According to acting designer general of O.K. Antonov Aircraft Design — Manufacturing Complex, Dmytro Kiva, the flights are to start in early 2006.
At a June 12, 2003 NATO Summit in Brussels participants in the SALIS (Strategic Airlift Interim Solution) and the ECAP (European Capability Airlift Programme) came to a conclusion on the expediency of using Antonov AN-124-100 Ruslan planes and the renting of five or six of the models for seven to nine years.
For a time the massive An-124 (Condor in NATO classification) held the mantle of the world’s largest aircraft before the arrival of the An-225, a stretched six engine derivative. It is commonly used for oversize freight charters.
Developed primarily as a strategic military freighter (in which role it can carry missile units and battle tanks), the first prototype An-124 flew on Dec. 26, 1982. A second prototype, named Ruslan (after a Russian folk hero), made the type’s first western public appearance at the Paris Airshow in June 1985, preceding the first commercial operations in January 1986.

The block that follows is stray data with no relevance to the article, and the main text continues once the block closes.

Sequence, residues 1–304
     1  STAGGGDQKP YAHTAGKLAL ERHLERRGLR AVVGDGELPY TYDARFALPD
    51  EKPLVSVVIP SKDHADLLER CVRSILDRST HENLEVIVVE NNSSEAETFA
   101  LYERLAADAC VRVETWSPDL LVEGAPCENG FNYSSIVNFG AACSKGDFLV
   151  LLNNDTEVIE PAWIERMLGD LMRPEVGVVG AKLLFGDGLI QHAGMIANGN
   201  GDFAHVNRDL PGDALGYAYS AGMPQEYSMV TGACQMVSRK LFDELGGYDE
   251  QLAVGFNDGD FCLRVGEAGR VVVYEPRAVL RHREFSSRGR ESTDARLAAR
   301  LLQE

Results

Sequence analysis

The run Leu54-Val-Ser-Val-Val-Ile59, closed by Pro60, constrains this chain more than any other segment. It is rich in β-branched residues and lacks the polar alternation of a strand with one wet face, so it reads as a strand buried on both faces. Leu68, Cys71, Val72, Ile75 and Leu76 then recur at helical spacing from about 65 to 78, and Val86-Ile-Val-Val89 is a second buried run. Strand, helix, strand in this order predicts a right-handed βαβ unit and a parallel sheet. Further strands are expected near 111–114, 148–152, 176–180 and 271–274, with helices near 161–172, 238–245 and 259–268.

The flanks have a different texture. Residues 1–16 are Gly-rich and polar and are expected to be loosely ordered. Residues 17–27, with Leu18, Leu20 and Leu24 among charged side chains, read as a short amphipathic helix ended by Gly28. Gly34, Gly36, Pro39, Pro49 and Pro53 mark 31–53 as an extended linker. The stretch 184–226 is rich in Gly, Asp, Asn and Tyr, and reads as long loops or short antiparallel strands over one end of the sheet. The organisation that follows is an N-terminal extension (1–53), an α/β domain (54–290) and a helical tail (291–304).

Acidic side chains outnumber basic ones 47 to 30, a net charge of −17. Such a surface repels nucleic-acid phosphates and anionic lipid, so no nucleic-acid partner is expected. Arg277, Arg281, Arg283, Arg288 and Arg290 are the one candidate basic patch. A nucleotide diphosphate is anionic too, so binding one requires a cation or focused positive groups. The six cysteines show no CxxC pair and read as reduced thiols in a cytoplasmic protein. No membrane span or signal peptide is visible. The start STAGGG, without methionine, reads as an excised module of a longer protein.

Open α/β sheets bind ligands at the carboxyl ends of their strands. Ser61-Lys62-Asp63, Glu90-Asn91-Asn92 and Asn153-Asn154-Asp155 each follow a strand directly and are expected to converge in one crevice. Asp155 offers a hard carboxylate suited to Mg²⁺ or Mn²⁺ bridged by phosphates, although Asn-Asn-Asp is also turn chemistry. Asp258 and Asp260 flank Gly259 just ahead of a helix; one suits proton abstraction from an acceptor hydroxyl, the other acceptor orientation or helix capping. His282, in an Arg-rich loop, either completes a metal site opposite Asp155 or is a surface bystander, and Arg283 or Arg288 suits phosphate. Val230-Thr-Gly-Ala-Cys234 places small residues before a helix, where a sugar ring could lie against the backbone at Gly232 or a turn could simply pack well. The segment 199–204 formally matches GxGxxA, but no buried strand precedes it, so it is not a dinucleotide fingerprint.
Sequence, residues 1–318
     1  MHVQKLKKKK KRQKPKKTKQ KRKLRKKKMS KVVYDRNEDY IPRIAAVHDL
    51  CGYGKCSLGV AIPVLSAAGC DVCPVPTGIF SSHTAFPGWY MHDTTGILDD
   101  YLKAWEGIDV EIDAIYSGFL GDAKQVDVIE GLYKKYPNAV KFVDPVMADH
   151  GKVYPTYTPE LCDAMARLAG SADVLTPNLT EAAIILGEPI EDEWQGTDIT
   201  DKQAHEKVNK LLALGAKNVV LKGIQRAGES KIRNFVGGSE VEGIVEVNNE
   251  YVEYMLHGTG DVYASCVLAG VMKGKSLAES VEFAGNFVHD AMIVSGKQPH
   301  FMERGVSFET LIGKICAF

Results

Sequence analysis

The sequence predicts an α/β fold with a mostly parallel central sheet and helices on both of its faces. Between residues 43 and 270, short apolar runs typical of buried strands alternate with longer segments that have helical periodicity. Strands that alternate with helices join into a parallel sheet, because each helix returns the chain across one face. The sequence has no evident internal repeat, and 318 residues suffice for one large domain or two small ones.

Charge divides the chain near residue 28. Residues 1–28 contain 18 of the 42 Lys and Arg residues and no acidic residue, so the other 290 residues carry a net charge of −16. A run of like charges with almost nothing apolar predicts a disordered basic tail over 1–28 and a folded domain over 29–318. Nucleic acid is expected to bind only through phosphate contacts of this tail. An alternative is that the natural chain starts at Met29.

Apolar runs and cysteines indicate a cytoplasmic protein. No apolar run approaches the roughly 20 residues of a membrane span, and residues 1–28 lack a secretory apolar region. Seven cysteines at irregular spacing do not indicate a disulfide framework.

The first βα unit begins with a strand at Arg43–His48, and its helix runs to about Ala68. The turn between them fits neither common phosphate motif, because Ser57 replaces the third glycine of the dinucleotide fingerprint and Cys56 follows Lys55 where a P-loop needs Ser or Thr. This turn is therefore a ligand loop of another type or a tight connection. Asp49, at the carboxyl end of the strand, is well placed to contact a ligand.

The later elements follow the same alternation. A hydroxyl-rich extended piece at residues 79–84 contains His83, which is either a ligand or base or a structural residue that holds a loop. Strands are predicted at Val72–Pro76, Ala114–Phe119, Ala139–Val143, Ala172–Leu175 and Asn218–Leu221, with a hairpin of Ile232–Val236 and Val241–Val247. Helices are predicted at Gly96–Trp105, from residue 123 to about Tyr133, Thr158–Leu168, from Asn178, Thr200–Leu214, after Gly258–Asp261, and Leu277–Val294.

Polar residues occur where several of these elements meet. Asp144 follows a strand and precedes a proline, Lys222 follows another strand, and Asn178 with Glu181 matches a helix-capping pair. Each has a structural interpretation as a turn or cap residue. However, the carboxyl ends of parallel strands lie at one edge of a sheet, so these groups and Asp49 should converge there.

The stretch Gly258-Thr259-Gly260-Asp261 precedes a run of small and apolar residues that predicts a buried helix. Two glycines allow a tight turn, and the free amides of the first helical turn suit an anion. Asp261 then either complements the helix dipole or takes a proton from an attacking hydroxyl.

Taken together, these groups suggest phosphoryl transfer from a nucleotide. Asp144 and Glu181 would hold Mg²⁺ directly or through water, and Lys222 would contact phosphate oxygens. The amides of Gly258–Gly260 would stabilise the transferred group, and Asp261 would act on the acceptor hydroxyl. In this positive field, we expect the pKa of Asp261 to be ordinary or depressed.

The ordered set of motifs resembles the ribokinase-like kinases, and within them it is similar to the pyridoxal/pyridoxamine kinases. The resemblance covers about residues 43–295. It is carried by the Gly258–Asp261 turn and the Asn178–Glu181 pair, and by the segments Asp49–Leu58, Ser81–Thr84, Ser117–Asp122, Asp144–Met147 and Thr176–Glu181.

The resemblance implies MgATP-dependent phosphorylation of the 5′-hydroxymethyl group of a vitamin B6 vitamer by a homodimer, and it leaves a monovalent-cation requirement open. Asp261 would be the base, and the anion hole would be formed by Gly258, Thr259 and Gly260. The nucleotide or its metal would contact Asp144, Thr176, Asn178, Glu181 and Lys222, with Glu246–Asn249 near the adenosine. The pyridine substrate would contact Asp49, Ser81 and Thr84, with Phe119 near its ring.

Since that time the An-124 has set a wide range of payload records, one achievement being the heaviest single load ever transported by air — a 124-ton powerplant generator and its associated weight spreading cradle, a total payload weight of 132.4 tons, set in late 1993.
Notable features include nose and tail cargo doors, 24 wheel undercarriage allowing operations from semi prepared strips, the ability to kneel to allow easier front loading, and a flybywire control system.